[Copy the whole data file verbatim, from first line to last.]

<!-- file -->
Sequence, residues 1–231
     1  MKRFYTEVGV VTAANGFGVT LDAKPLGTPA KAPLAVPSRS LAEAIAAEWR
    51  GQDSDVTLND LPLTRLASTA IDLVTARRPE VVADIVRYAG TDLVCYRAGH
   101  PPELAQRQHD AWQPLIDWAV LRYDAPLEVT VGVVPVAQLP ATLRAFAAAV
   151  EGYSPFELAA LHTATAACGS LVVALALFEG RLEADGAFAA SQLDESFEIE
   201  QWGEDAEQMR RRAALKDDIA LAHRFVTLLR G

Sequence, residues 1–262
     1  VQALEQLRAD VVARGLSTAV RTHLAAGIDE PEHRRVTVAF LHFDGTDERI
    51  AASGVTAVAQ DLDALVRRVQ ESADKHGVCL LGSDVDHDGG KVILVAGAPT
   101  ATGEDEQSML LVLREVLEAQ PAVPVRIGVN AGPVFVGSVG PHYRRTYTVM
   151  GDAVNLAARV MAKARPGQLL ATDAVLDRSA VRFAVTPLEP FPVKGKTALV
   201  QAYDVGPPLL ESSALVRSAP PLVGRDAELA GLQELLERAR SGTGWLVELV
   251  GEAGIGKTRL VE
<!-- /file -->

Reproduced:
Sequence, residues 1–231
     1  MKRFYTEVGV VTAANGFGVT LDAKPLGTPA KAPLAVPSRS LAEAIAAEWR
    51  GQDSDVTLND LPLTRLASTA IDLVTARRPE VVADIVRYAG TDLVCYRAGH
   101  PPELAQRQHD AWQPLIDWAV LRYDAPLEVT VGVVPVAQLP ATLRAFAAAV
   151  EGYSPFELAA LHTATAACGS LVVALALFEG RLEADGAFAA SQLDESFEIE
   201  QWGEDAEQMR RRAALKDDIA LAHRFVTLLR G

Sequence, residues 1–262
     1  VQALEQLRAD VVARGLSTAV RTHLAAGIDE PEHRRVTVAF LHFDGTDERI
    51  AASGVTAVAQ DLDALVRRVQ ESADKHGVCL LGSDVDHDGG KVILVAGAPT
   101  ATGEDEQSML LVLREVLEAQ PAVPVRIGVN AGPVFVGSVG PHYRRTYTVM
   151  GDAVNLAARV MAKARPGQLL ATDAVLDRSA VRFAVTPLEP FPVKGKTALV
   201  QAYDVGPPLL ESSALVRSAP PLVGRDAELA GLQELLERAR SGTGWLVELV
   251  GEAGIGKTRL VE